Galaxies and their Properties Satellite Galaxies



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Daniel Fischbach Physics 202-004 – Astronomy 7/5/17

Created on: 4/22/05

Topic: Galaxies and their Properties




  • Satellite Galaxies

    • Dozens of other galaxies are orbiting the Milky Way Galaxy

    • Large Magellanic Cloud and Small Magellanic Cloud – Satellite galaxies of the Milky Way Galaxy. They are the 2nd and 3rd closest galaxies to the Milky Way Galaxy respectively.

    • Sagittarius Galaxy – Closest satellite galaxy to the Milky Way Galaxy

    • All satellite galaxies are on their own orbit around the Milky Way Galaxy

    • The Milky Way’s tidal forces are tearing the satellite galaxies to shreds

      • You can see shreds of the galaxies left over when they orbit the Milky Way Galaxy

  • The Andromeda Galaxy

    • Andromeda Galaxy (aka M31) – Closest major galaxy to the Milky Way Galaxy

      • Spiral galaxy

      • About the same size/amount of stars as the Milky Way Galaxy

      • Also has satellite galaxies

      • Facing us edge-on

      • Light is blue-shifted

  • The Deep Sky Catalogs

    • Messier was a “French dude” looking for comets, but found other things and started to list them

    • Messier Deep Sky Catalog – 110 objects listed

    • Messier is famous for his catalog and not his comets

    • Messier found a lot of cool stuff like diffuse nebulae, open star clusters, planetary nebulae, galaxies, etc.

    • The New General Catalog was made but it is about 100 years out of date

      • Has thousands of entries in it

  • Local Groups

    • There is another spiral galaxy nearby (M33), but it is very small (1/10th) the size of the other two galaxies

    • Local group – Composed of the Milky Way Galaxy, the Andromeda Galaxy, and the third galaxy described above (M33)

      • Most local groups have 1 to 5 major galaxies in it

    • The Andromeda Galaxy and the Milky Way Galaxy are falling toward one another (due to mutual gravity) right now, and will collide in 5 billion years

  • The next rung of the cosmological distance ladder is:

    • The Cepheid Variable Method – Works out to a million parsecs (aka 1 mega parsec)

      • Works throughout the local group and a little bit beyond

      • Some stars do not have a fixed luminosity because sound waves are propagating through those stars

      • These stars oscillate (fade in and out) with a definite period

      • Leavitt (a woman) discovered a relationship between the average luminosity of the Cepheid variable stars and their periods about 100 years ago

        • Period-Luminosity Relation

    • Remember: Every rung of the cosmological distance ladder ultimately fails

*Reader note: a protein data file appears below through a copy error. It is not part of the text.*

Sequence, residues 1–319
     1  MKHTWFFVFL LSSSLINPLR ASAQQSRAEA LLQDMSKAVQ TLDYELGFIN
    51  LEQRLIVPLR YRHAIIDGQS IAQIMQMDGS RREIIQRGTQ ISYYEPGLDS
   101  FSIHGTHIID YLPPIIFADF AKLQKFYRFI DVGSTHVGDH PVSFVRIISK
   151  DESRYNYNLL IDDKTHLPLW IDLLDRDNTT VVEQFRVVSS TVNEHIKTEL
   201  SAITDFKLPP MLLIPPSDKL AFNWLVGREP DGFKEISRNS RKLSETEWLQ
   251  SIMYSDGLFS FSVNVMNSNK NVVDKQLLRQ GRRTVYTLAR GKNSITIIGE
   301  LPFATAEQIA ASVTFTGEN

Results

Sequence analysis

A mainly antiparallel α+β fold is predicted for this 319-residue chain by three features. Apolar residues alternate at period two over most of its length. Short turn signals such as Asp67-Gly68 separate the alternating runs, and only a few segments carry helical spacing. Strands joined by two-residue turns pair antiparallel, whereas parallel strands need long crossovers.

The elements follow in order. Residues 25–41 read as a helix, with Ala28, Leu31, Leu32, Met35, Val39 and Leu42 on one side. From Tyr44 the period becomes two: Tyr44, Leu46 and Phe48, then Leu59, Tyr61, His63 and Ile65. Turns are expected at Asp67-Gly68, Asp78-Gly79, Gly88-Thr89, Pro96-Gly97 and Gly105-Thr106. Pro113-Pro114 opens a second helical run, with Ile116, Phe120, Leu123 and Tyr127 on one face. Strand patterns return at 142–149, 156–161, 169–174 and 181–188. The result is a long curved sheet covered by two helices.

• Hubble

    • First person to use the Cepheid Variable Method to find the distance to the Andromeda Galaxy

    • This helped show that galaxies exist, and that the Milky Way Galaxy was just another galaxy in the Universe

  • What galaxies are in the Universe?

    • Spiral/disc galaxy (Population I stars)

      • Are confined to a plane

      • High angular momentum

        • Orbits add up due to them running in the same direction

      • Dust rich

        • Causes active stellar birth/death

        • Early type (O and B) stars are being born

      • More blue in color

    • Elliptical/Ellipsoidal galaxy (Population II stars)

      • Are not confined to a plane

      • Low angular momentum

        • Orbits cancel out due to them running in every direction

      • Dust poor

      • More red in color

    • Irregular galaxies

      • Minor galaxies/satellite galaxies

      • Small and irregularly shaped

    • Lenticular galaxies

      • No info needed

  • Hubble Sequence

    • Not an evolutionary sequence

    • Used to classify galaxies

    • Looks like a tuning fork

[spiral – regular]

Sa—Sab—Sb—Sbc—Sc—Scd—Sd Im [irregular metatlantic]

[elliptical] SO [start of spiral]

E0-E1-E2-E3-E4-E5-E6-E7 Irr [irregular]

SBO [start of bar spiral]

SBa-SBab-SBb-SBbc-SBc-SBcd-SBd IBm [irregular bar metatlantic]



[spiral – bar]


  • We’re not exactly sure how galaxies are formed/born/evolved and die, but there are two theories….

    • Galaxy is just born somewhere on the Hubble sequence (Theory I)

      • Based on cloud’s density and angular momentum

        • High angular momentum and low density – Spiral Galaxy

        • Low angular momentum and high density – Elliptical Galaxy

    • All galaxies are born spiral and spirals collide (Theory II)

      • Galactic collision (galactic merger)

        • Galaxies pass through one another

        • Spirals become blobs because the stars orbits are messed up

        • They eventually settle, but it is an elliptical galaxy

        • Spiral galaxy clusters on outskirts

        • Elliptical galaxy clusters inward and giant elliptical galaxy in center

        • Arguable because the elliptical galaxies are dust poor

Instructor: Libarid A. Maljian Page of

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